How to Avoid Common Defects Found in New Construction Homes

If you can’t find the home of your dreams, you often have to build it yourself. New construction homes can offer a more customizable living experience. Purchasing a home that has already been built can create a number of constraints – there may not be enough bedrooms, the kitchen may be too small and the backyard may be too small. Well, when you work with a contractor and oversee all the blueprints, you will get exactly what you need and want. However, once your home is built, you may be faced with a few issues that are sometimes par for the course when it comes to new construction properties. Here is how to avoid common defects found in new construction homes.

First and foremost, you want to be realistic about the materials you use for the homes. One of the biggest defects is having a home that isn’t properly insulated for the climatic region the home is built on. For instance, if you are building your home on the East Coast – where it gets particularly humid in the summer – you don’t want to use thick cement and metal materials, because it could create problems with moisture on the inside. In order to avoid this issue, be sure to build with materials that allow the home to breathe and insulate naturally.

Another issue is that many new homes have is that they aren’t entirely impervious to extreme weather conditions. Ironically, many older homes were built with heavy materials that make them steadier. If you live in a region where there are earthquakes, tornadoes, hurricanes or even heavy storms, you want your home to be built from heavy metal beams and other storm and disaster resistant building materials. You may want to ask your contractor if his or her builders will be using a crane – from a company likeĀ Bigge – to include these heavy-duty materials into the blueprints.

Next, another big issue that new homes have is leaky roofs, windows and other elements. You would think that a new home doesn’t have this issue, but many do. The reason for them is simple: many new homeowners want sleek materials that make their homes look modern and expensive. The only problem with these materials is that while they do make a home look sleek and modern, they aren’t made of very good quality building ingredients. It’s just a facade. Eventually, you will start dealing with moisture and energy leaks that will continually get worse, so be sure to remain pragmatic when choosing the materials for your home.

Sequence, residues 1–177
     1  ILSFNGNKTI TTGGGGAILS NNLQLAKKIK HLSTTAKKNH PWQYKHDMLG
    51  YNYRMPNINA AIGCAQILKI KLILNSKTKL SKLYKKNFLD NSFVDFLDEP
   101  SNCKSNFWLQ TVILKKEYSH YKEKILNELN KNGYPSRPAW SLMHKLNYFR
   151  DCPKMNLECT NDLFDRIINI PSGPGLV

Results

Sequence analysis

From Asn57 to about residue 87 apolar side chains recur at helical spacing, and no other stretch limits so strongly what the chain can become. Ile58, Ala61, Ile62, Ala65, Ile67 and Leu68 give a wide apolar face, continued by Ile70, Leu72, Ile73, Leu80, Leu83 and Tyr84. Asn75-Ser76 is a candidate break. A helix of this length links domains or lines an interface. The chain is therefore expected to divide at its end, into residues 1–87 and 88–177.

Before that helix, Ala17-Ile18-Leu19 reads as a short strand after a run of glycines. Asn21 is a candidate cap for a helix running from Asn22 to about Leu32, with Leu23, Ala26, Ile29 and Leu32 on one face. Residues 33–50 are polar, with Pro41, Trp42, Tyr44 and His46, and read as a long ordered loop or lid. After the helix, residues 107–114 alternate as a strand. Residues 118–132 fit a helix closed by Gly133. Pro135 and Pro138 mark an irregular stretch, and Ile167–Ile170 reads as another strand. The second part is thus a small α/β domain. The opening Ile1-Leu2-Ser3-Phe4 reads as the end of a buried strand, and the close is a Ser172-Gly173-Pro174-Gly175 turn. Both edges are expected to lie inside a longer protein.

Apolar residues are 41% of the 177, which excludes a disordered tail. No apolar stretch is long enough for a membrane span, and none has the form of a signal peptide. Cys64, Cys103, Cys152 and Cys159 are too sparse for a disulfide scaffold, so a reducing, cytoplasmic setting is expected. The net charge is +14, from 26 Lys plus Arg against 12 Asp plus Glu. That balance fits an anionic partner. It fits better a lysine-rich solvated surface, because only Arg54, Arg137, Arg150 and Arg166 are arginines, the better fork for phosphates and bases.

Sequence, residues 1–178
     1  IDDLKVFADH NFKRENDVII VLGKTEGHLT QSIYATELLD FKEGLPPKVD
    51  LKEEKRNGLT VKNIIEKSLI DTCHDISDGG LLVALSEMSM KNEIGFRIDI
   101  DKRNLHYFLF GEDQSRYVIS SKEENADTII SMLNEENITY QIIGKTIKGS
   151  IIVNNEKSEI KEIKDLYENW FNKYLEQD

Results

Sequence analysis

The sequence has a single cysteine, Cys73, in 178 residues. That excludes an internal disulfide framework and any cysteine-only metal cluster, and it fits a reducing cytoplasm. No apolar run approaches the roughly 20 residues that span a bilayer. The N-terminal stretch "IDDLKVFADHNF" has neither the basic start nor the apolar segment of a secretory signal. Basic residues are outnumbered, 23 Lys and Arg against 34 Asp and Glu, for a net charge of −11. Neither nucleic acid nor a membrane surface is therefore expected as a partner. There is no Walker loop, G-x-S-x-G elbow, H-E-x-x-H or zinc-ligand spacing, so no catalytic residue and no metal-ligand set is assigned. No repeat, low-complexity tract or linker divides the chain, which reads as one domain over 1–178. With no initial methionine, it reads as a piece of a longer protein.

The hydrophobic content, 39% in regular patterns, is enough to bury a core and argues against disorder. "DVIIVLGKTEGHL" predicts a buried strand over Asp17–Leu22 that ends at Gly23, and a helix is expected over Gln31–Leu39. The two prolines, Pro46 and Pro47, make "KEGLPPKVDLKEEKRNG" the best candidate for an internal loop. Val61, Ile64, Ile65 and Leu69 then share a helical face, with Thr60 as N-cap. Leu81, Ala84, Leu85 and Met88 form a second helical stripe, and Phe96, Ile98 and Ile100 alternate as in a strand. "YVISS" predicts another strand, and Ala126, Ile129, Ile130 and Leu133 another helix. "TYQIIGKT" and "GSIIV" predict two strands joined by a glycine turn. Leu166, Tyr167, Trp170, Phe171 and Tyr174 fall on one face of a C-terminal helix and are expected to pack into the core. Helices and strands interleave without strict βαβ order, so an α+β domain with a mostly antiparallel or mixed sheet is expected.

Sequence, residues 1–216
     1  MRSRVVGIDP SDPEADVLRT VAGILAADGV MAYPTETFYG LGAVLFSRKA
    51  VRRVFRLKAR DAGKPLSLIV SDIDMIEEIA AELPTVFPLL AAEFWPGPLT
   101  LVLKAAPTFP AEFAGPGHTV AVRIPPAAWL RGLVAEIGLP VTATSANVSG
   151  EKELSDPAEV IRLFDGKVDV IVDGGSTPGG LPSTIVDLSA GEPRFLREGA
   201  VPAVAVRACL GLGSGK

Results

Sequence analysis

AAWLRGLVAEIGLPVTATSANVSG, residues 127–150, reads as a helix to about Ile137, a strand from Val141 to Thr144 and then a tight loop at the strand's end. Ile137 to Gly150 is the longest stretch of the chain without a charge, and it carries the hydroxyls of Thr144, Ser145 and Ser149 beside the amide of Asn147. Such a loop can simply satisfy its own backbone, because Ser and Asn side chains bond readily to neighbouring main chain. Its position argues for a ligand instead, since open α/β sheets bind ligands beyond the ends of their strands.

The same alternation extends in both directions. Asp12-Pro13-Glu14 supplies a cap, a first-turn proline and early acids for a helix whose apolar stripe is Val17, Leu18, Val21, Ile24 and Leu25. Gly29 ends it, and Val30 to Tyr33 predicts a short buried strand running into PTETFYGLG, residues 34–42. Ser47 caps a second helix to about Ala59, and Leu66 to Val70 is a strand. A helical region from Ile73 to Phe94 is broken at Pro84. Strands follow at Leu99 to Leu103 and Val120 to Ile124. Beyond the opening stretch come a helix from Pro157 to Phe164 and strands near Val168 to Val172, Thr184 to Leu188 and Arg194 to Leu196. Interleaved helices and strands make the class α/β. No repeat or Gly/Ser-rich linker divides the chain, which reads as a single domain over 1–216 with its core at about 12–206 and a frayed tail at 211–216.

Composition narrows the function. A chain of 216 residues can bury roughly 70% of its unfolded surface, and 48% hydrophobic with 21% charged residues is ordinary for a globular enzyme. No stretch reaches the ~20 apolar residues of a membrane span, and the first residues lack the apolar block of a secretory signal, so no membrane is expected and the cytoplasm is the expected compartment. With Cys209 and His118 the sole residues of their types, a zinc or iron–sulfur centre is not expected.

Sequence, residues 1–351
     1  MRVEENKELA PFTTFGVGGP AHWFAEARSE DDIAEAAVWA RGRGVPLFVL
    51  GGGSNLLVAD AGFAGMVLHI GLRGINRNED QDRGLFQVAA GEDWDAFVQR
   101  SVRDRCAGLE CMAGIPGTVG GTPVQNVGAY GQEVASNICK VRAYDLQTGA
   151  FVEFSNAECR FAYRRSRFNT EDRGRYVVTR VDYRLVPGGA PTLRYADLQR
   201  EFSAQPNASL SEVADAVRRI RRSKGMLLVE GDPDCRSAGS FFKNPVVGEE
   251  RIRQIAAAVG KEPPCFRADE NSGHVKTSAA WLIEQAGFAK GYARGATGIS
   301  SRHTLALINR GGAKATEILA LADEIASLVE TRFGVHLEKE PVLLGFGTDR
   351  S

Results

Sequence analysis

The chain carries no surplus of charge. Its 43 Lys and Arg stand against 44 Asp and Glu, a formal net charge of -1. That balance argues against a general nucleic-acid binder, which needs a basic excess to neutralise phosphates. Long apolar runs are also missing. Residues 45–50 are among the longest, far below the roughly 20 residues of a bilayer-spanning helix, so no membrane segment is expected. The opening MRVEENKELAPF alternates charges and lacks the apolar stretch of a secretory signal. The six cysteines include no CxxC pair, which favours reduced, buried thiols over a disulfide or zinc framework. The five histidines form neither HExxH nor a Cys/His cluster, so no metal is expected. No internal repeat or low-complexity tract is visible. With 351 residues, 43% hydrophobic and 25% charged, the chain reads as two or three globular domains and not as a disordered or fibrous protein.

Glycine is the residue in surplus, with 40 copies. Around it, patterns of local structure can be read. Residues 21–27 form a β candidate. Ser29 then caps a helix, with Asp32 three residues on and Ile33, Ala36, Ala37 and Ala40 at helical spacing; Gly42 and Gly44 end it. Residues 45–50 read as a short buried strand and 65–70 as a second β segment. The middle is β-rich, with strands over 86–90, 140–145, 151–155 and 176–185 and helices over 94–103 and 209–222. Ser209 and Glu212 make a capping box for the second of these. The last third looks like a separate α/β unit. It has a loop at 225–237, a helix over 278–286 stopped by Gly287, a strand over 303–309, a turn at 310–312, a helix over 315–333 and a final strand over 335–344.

In the end, if you intend to build a home from scratch, you will need to be realistic and you need to think of the future. While scalability is important, you also want to build your home with the intention that it will still be standing in fifty year’s time. Of course, today’s building standards and values may have changed, but that doesn’t mean you shouldn’t take the time for care and forethought. In the end, you will be the one living in the home, so you need to take the lead when it comes to building it.

Related posts:

  1. Finding a Qualified Home Builder: 5 Factors to Consider
  2. 5 Helpful Excavation Tips for New Home Construction
  3. New Home Construction Precautions for Buyers
  4. How to Avoid Common Garbage Disposal Problems
  5. The Most Common Problems With Programmable Thermostats
Both comments and pings are currently closed.

Comments are closed.